LG has joined the mini club: the company has unveiled a smaller version of its 5.2-inch flagship smartphone, the G2, to be released later this year.
The 4.7-inch display G2 mini retains some design elements of its larger sibling, such as the rear-mounted power button, and will ship with Android 4.4 KitKat. However, LG has also pared back some of the hardware features that earned the G2 wide praise.
The G2 mini will be available in a few different varieties, based on the mobile norms in different markets: for example, LG will release both a single and dual SIM version of the handset, as well as 3G and 4G devices.
LG has dropped the 1080p full HD display on the G2 in favour of a qHD IPS display on the mini, with 960x540 resolution.
Instead of the G2's zippy 2.2GHz Snapdragon 800 processor and 2GB of RAM, the mini will be running either Qualcomm's quad-core 1.2Ghz chip or for the Latin American LTE version, a 1.7GHz Nvidia Tegra 4i. It also comes with 1GB RAM instead.
LG will retain the 13-megapixel rear-facing camera found on the G2 for the Latin American LTE version of the mini, but offers an eight-megapixel in other markets.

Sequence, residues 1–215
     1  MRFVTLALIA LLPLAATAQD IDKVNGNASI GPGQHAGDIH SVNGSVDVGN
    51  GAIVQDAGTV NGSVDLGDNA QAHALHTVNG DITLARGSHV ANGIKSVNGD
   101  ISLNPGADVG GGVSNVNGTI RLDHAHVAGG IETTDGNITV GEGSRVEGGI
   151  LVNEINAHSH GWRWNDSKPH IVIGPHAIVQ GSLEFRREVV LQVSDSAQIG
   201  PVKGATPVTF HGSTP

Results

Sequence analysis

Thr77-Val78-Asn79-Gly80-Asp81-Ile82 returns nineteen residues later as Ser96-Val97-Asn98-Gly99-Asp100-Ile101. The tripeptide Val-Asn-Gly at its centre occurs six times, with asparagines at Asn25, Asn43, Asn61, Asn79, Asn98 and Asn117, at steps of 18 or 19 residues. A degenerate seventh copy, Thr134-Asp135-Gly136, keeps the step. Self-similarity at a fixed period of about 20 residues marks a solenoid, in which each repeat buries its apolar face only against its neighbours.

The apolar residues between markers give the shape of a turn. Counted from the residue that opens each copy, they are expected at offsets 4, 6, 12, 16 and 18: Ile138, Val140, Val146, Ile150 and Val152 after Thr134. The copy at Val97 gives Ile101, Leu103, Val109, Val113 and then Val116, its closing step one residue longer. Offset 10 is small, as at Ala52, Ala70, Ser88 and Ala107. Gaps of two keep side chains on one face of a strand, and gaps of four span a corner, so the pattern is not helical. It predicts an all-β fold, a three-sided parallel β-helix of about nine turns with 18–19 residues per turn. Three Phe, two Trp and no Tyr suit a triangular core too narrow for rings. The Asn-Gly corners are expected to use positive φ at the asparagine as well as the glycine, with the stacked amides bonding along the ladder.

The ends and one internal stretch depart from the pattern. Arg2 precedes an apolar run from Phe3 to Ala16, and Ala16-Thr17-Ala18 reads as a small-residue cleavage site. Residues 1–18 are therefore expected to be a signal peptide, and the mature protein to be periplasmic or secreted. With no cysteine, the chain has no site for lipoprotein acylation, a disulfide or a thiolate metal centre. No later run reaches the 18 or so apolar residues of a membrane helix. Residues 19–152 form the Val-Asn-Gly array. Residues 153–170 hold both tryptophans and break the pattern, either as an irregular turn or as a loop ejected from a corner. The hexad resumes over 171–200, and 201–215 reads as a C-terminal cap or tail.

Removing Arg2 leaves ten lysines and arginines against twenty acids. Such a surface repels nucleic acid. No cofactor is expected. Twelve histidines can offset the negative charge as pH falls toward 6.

One annoying feature of the G2 was the lack of removable storage, however that's been addressed in the mini, which comes with 8GB onboard and an SD card slot.
LG is retaining the plastic rear of the G2, which also meant its battery was removable, however the mini's power has been scaled back from 3,000 mAh to 2,440 mAh. Connectivity options include Bluetooth 4.0, Wifi, GPS, and NFC for the LTE versions only.
LG's mini follows Android rivals that have scaled up to phablets before releasing shrunken versions of their flagships, such as Samsung's Galaxy S4 mini and the HTC One mini.
Pricing details are yet to be released for the G2 mini; however, the device will be rolled out globally from March.